18 Putting the Practices Together: Composition
The goal of this chapter is to introduce the concept of the composition of practices as a means to arrive at the best fitting software engineering method. In this chapter, the reader will understand
- the concepts of composition and the description of how essentialized practices facilitate the composition process and thereby help teams to learn and apply practices better;
- that while practices are separate, they are not independent, and thus composition has certain rules that need to be respected;
- the ways in which the composition of practices treats its things to work with, things to do, competencies, and patterns;
- that during practice composition the kernel forms the core of the resulting method that is then decorated with elements of individual practices; and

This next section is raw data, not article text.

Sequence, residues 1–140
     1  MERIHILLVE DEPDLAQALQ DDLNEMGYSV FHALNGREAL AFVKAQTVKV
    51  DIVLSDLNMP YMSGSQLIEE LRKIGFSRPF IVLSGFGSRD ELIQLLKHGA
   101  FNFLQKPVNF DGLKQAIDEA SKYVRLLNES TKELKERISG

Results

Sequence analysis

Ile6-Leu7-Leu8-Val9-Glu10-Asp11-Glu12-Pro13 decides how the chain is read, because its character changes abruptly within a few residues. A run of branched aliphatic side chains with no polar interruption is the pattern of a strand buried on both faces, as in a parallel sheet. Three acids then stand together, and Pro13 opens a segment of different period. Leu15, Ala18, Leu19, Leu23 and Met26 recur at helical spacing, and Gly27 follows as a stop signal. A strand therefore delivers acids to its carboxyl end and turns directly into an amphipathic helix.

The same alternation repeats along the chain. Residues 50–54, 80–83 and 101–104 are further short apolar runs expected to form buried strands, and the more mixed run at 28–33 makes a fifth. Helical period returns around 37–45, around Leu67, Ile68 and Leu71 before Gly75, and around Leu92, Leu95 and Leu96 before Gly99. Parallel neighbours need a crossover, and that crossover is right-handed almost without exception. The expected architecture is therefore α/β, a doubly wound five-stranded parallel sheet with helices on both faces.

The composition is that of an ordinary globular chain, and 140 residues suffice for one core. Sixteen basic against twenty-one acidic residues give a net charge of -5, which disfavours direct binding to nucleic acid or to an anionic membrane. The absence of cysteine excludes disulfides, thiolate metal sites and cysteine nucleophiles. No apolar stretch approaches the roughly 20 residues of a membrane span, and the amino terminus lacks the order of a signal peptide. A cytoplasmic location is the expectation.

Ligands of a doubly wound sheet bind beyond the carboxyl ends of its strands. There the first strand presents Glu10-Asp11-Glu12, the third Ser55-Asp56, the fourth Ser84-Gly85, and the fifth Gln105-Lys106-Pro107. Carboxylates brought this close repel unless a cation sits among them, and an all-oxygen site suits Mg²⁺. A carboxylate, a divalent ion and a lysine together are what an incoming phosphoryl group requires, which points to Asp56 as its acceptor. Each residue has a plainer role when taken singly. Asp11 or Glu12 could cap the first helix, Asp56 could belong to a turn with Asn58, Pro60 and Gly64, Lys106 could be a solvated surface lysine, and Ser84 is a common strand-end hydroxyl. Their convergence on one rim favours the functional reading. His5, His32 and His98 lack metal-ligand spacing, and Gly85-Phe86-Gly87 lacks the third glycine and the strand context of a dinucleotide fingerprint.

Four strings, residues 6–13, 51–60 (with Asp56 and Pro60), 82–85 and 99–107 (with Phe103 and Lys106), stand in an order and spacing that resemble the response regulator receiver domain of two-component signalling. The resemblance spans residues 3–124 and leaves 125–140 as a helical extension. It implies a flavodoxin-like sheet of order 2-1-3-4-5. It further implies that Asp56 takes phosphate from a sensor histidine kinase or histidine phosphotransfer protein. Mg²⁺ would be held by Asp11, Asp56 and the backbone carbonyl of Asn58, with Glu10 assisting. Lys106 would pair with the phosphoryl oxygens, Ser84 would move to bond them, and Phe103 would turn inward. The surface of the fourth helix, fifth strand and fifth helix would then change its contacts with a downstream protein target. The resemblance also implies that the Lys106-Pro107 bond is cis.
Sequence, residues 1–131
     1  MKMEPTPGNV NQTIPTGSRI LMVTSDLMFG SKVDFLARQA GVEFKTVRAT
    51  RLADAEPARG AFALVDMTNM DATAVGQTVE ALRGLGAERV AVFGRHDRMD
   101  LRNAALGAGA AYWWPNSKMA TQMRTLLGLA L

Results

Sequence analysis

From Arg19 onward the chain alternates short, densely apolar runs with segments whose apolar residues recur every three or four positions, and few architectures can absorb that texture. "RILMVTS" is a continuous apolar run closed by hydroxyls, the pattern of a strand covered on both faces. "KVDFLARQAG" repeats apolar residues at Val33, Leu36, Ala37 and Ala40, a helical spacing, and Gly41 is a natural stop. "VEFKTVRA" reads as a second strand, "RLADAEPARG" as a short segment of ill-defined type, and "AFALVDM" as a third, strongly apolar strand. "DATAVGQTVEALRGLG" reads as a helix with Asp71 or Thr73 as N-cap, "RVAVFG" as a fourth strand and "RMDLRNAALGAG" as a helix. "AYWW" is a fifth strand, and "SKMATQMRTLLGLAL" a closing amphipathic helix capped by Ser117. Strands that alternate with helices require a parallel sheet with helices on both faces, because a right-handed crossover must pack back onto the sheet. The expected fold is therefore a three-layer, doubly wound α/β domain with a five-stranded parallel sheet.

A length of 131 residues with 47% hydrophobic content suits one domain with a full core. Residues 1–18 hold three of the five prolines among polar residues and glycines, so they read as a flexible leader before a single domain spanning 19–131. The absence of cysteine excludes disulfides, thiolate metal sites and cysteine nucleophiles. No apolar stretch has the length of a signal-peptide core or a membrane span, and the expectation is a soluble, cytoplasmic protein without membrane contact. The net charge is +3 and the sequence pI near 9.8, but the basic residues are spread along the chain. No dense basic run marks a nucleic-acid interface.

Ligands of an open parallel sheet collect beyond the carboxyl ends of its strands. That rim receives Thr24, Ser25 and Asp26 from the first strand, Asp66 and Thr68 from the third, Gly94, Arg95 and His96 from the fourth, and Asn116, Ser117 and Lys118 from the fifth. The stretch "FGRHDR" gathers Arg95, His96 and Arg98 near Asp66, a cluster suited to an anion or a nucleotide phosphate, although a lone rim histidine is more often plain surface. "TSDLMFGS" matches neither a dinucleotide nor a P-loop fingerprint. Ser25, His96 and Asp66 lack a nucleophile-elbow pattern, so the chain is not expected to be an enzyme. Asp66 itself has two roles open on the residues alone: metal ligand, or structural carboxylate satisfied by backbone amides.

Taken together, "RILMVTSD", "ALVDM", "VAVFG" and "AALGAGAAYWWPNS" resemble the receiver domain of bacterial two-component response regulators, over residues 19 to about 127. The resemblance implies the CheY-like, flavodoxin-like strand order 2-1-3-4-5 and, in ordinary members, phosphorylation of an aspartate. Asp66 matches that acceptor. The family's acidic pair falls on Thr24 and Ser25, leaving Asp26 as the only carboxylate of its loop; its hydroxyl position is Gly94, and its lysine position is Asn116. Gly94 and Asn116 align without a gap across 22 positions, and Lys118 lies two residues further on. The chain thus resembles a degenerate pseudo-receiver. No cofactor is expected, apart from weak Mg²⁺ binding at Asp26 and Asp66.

- that software engineering is knowledge centric and its mastery is about being able to apply appropriate practices effectively, discovering improvements as you apply them.
After studying this chapter, you should be able to
- give an example of practice composition and explain when it can and cannot be performed;
- explain what the composition could look like for two specific practices;
- explain the concept of an anchor in the composition;
- explain the meaning of “alternative practices” and “extension practices”; and
- apply composition to alphas from different practices.